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Behind the Headlines: Taking Name from Pre-1967 Border, ‘women in Green’protest PLO Pact

January 10, 1994
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At a time when many groups opposed to the Israel – Palestine Liberation Organization accord are struggling to get their views across to the public in Israel and abroad, one women’s organization is conveying its message loud and clear.

Known as Women for Israel’s Tomorrow, the group has proven adept at attracting media coverage at a time when events and demonstrations linked tot he pact between Prime Minister Yitzhak Rabin and PLO Chairman Yasser Arafat constantly vie for air time and headlines.

Inaugurated eight months ago by some 30 Jerusalem women who were opposed to territorial concessions to the Palestinians, the group has sprouted into an organization with 1,000 dues-paying members.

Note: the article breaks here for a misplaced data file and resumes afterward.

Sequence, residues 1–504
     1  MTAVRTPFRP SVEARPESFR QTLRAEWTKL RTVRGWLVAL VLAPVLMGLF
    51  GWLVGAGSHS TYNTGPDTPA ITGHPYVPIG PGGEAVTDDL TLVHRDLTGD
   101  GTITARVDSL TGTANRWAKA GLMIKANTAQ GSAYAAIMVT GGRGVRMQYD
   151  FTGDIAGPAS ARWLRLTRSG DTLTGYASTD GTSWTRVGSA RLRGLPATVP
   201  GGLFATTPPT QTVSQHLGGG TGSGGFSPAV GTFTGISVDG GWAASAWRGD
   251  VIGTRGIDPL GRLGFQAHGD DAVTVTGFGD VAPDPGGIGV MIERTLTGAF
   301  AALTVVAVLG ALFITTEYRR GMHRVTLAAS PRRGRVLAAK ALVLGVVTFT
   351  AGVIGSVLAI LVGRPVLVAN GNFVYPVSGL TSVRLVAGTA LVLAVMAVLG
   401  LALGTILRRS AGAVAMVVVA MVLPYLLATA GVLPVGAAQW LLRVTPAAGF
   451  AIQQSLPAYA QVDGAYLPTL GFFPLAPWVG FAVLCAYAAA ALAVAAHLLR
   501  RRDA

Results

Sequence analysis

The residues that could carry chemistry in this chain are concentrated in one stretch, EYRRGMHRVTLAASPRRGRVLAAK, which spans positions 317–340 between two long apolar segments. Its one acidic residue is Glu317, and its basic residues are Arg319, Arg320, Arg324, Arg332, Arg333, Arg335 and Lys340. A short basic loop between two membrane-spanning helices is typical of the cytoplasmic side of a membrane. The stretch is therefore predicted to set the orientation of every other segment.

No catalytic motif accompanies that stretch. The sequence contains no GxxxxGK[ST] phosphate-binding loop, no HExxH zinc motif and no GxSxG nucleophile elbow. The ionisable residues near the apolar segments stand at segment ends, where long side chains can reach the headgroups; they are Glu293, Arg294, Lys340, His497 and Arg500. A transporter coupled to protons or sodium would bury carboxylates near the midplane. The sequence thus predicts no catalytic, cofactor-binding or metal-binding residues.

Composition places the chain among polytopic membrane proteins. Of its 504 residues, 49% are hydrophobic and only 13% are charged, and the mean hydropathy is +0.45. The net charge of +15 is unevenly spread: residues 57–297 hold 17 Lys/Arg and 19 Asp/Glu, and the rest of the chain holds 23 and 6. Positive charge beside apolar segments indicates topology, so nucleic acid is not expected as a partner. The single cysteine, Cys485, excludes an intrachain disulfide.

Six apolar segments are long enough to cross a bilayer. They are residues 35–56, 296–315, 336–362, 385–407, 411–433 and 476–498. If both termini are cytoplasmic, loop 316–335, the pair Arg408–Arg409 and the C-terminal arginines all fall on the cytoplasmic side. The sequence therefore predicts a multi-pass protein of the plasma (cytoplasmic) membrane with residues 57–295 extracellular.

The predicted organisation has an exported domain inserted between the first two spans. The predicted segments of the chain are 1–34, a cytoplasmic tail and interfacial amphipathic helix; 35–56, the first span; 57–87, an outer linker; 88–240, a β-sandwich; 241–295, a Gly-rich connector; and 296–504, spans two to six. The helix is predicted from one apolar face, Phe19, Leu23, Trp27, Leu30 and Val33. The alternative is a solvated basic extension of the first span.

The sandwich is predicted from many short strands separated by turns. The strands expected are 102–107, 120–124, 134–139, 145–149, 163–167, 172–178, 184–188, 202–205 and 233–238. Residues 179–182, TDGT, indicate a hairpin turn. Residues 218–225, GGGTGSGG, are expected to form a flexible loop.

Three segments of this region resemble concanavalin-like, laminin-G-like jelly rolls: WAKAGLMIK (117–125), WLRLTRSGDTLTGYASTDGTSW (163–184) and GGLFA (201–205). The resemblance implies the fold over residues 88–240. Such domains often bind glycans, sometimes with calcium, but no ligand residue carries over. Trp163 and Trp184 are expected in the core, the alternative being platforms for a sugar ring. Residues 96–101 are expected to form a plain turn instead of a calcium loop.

Thousands of sympathizers and supporters have also lined up behind the organization.

According to Ruth Matar, a founder and chairwoman of Women for Israel’s Tomorrow, the vast majority of the group’s members live within Israel’s pre- 1967 borders.

“We’re not settlers,” she said. “We’re ordinary Israelis who oppose the agreement between Rabin and Arafat.”

This fact is important, Matar asserted, “because we represent the views of a growing number of Israelis.”

Quoting recent opinion polls, which indicate that the majority of Israelis no longer support the accord, she said. “The tide of public opinion in Israel is turning, and our voice needs to be heard.”

Matar said she and several like-minded friends, many of them originally from English-speaking countries, launched the organization “partly as an answer to the media’s coverage of anti-government demonstrators.”

“The media in Israel has traditionally portrayed anyone who demonstrates against concessions to the Arabs as settlers and right-wing fanatics,” she said.

“That was especially true after Rabin and Arafat signed the agreement and hundreds of thousands of Israelis came out to demonstrate against it,” she said. “There were at least 200,000 people at the largest rally, but Israel Television reported it as tens of thousands.